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    I’m one of the mesh injured women that are being written and talked about since the report by Baroness Cumberledge was published yesterday, 9 July. I’m convinced that all the infections I’ve had since the mesh was inserted, including permanent facial paralysis that was thought to be caused by a virus, internal abscesses, high infection markers in my blood (including markers that could indicate cancer and particularly of the pancreas), and now this sudden onset of diabetes and its seeming remission, are all caused by the degradation of the plastic inside my body. How I prove it, I don’t know, but I’m not going to give up - I just don’t yet know where to start.
     
  8. bulkbiker

    bulkbiker Type 2 · Oracle

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    If you are still taking insulin then no.
    Your therapy is obviously working to bring blood sugars lower but remission is really only counted when unmedicated or on metformin only.
    I'm sure you'll get there though.
     
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  9. CESM

    CESM · Active Member

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    Thank you! I have to hope I can maintain it.
     
  10. VashtiB

    VashtiB Type 2 · Well-Known Member

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    Well you are well on your way but I don't think you can really say you are in remission while on any insulin.

    When first diagnosed I was pretty keen on the idea of remission but I have come to accept that I will have to keep my carb intake very low so remission isn't the same as cure. I have pretty much accepted I will never be able to go back to the way I used to eat. Some days it really bothers me but not on a daily basis anymore.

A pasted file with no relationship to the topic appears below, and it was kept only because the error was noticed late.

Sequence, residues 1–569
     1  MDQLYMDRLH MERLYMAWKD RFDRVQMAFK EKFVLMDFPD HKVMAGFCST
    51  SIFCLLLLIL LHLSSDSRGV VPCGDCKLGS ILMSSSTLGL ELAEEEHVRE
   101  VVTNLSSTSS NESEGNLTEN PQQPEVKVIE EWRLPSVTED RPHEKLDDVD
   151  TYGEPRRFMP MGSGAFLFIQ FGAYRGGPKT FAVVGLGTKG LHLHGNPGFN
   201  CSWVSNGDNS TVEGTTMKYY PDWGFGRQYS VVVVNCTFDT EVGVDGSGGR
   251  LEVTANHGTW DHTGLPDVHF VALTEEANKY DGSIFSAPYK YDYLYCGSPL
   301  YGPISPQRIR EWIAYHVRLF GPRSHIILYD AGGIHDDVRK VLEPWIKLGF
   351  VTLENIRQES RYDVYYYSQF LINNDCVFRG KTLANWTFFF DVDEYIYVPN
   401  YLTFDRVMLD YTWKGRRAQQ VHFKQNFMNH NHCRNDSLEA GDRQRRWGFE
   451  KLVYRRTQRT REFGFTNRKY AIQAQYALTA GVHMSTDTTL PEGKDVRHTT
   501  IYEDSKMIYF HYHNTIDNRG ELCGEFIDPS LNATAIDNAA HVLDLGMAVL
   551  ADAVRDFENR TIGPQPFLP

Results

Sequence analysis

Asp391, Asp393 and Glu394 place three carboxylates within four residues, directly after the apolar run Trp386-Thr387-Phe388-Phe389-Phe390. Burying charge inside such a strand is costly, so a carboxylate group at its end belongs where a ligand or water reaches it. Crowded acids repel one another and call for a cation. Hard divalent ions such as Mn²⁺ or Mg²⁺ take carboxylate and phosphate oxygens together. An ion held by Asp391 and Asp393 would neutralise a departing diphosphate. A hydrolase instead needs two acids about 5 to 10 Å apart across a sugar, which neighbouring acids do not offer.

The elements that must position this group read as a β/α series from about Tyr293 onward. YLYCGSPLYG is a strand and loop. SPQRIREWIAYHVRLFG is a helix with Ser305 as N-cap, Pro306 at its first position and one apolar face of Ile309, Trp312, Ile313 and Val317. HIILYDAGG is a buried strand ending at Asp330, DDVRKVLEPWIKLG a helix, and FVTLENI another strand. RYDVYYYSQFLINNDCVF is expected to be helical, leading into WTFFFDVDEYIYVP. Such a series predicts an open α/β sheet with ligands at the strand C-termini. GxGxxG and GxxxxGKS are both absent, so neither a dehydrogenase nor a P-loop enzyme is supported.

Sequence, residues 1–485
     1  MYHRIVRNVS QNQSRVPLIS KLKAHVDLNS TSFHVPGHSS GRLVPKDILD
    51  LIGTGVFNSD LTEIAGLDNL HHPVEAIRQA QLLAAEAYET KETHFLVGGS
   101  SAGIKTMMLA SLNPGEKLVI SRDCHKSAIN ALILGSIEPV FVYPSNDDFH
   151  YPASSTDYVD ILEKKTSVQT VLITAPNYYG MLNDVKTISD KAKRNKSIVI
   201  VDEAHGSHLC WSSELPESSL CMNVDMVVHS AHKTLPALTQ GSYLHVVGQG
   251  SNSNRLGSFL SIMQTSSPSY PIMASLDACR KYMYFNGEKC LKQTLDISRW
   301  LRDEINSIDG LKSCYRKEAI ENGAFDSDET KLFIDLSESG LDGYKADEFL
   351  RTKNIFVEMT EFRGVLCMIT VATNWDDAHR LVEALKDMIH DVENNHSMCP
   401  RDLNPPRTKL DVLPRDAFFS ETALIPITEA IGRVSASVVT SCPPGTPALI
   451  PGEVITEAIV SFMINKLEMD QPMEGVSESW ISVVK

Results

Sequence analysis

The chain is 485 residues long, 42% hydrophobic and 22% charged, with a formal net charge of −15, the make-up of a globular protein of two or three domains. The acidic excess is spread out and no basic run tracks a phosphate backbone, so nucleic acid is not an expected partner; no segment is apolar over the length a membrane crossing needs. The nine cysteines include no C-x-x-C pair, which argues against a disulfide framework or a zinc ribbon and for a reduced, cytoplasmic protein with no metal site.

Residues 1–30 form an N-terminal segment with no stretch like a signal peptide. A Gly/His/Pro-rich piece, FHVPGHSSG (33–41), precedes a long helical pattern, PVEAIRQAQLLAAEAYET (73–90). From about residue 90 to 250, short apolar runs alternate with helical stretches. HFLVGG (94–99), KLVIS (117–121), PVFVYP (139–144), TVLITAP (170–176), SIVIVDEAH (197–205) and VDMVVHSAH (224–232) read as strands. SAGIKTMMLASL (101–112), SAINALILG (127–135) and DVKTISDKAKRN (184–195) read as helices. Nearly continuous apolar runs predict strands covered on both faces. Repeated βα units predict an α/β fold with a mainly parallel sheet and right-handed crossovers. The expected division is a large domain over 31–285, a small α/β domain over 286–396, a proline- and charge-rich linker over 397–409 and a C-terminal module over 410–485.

I can't ever see a time when I won't test regularly if only to prevent carb creep. So remission probably means a bit less to me now than it used to. Having said that my levels are all in the normal range with no medication except metformin so I shouldn't get any of the complications that come with diabetes so that is a win!
     
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  11. Krystyna23040

    Krystyna23040 Type 2 (in remission!) · Well-Known Member

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    I absolutely agree with you.

    Through low carb I came off insulin and was in remission for over 2 years and I am now diabetes resolved - which definitely does not mean diabetes cured as to stay diabetes resolved I cannot go above 20g carb ever.

    I am happy with that as being low carb/keto since 2016 I have grown to really love low carb food. If course the most important thing is that with normal blood sugars we avoid the side effects of diabetes.
     
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  12. Bluetit1802

    Bluetit1802 Type 2 (in remission!) · Guru

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    I agree that you cannot say or believe you are in remission when still on insulin. It is probably the insulin that allows you to tolerate more carbs and if you come off it, you would have to reduce those extra carbs you are getting used to. Your doctor/nurse may also be correct in saying the weight gain is due to being on insulin when your pancreas already produces insulin. Insulin is a fat carrying hormone, and is likely to encourage weight gain if you have too much of it circulating round your system. This is how insulin resistance is thought to start - too much of it circulating, so your cells develop resistance to it. Insulin resistance is not a good thing, for anyone.

    Having said all that, a drop to an HbA1c of 40 is brilliant. Well done. :)
     
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  13. Perminder1

    Perminder1 · Well-Known Member

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    I went from 96 HbAC1 in March 20 to 40 July 20... hard work diet exercise determination with a little help from metoformin lost 3.5 stone on weight yes it can be done welldone